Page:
“So this was never a foregone conclusion. It was always a longshot,” Peltola said. “But also, I think, it was one of those things that could be within the realm of possibilities.”

Peltola’s swearing-in was also unconventional. She wore mukluks, the snow boots favored by Indigenous peoples near the Arctic, made in the female style of her Yup’ik Alaska Native heritage and was accompanied on the House floor by the other two members of Alaska’s congressional delegation, Republican Sens. Dan Sullivan and Lisa Murkowski.

Murkowski gave Peltola a big hug after Peltola finished her first floor remarks.

“The funny thing about Alaska is there is this understanding that you are going to be working with these people the rest of your life, and we have a long memory, we have a lot of institutional knowledge. In my case, that has been a real asset.”

- Rep. Mary Peltola (D-Alaska)

Peltola’s known Murkowski since 1999, when the two were freshmen lawmakers at the Alaska Statehouse. And Peltola knows Palin, from when they, too, were at the statehouse together and pregnant at the same time. While Alaska by size is the biggest state, its political scene is relatively small, which Peltola said fosters a sense of pragmatism and cooperation.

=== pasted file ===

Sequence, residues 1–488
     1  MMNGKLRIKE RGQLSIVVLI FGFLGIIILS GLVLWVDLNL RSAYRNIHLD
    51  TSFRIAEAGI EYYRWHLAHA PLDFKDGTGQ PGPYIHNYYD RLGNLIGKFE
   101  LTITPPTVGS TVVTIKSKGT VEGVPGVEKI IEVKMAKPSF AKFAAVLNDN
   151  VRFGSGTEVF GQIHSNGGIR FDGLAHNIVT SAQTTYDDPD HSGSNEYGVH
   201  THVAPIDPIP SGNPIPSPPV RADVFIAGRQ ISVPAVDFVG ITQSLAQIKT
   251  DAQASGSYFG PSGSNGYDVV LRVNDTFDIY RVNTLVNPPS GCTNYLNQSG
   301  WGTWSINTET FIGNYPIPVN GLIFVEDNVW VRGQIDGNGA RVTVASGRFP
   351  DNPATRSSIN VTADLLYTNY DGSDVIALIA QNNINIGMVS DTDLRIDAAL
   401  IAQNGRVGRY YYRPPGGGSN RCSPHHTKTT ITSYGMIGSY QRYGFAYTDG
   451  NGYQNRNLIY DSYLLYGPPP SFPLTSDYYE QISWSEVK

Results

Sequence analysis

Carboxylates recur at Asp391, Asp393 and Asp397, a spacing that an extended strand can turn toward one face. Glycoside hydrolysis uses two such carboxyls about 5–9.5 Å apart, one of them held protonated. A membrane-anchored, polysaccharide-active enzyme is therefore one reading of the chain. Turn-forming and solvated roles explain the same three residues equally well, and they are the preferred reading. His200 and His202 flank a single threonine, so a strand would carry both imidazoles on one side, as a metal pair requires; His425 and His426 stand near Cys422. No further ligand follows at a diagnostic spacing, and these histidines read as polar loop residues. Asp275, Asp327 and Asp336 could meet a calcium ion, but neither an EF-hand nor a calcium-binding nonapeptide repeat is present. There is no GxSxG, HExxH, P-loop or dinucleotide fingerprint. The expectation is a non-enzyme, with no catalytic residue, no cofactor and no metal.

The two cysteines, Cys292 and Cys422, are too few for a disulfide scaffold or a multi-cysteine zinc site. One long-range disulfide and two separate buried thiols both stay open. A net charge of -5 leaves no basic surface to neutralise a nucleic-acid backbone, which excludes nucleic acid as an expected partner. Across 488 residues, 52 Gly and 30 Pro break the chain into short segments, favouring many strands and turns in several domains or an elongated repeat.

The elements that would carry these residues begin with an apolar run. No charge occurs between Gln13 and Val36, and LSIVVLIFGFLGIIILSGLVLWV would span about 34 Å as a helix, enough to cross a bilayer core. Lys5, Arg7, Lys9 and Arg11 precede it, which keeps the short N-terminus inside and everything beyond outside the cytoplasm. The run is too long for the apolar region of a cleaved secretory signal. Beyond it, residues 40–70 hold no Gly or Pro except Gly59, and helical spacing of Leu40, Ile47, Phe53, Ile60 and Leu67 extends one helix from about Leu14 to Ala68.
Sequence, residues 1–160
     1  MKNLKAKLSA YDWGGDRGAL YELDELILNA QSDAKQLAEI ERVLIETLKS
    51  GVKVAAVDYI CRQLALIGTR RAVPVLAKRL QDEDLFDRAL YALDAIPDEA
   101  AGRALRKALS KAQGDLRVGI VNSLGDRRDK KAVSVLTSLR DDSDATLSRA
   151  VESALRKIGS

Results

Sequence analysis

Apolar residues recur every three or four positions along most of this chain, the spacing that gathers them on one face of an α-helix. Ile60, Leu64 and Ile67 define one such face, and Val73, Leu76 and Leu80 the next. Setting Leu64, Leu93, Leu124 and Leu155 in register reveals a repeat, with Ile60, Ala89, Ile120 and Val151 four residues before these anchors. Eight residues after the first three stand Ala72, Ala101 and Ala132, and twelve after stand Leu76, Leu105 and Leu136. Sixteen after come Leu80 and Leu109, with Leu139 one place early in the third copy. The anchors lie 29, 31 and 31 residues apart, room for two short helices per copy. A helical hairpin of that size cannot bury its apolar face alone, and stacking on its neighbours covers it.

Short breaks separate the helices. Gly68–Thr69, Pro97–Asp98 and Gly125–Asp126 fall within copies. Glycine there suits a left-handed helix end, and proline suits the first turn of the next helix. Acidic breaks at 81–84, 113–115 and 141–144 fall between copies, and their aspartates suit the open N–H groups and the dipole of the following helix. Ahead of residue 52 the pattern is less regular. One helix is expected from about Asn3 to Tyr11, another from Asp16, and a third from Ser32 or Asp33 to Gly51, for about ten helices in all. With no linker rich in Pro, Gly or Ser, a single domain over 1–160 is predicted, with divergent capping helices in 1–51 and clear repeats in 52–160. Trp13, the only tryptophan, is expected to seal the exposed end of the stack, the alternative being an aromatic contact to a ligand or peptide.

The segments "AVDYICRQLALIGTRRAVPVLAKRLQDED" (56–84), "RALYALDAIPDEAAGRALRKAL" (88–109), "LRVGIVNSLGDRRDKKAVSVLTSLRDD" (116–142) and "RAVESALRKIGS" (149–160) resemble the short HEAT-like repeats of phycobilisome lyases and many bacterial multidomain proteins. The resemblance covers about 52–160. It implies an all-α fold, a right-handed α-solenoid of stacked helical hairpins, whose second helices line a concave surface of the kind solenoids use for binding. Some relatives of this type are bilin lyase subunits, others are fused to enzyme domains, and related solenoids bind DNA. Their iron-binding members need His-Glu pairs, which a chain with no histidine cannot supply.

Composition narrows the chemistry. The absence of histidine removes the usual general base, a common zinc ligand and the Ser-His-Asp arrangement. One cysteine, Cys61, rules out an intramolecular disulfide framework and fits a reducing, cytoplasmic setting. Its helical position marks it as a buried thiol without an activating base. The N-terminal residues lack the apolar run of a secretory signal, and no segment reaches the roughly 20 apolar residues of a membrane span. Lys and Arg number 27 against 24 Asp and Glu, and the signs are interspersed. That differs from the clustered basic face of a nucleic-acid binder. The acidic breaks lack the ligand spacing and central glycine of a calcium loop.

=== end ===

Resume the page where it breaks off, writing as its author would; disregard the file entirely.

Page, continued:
“Alaska is a very small, tight knit close community,” she said. “The funny thing about Alaska is there is this understanding that you are going to be working with these people the rest of your life, and we have a long memory, we have a lot of institutional knowledge. In my case, that has been a real asset.”

Peltola said her approach to her job would be broad as well. Even though she has been inundated with attention as the first Alaska Native to represent her state, her father hailed from Nebraska, and she does not see herself as simply an advocate for one group or another.

“You can’t be thinking about just your ‘base.’ There’s just no way that you can have discrete groups that you are an advocate for. It has to be everybody,” she said.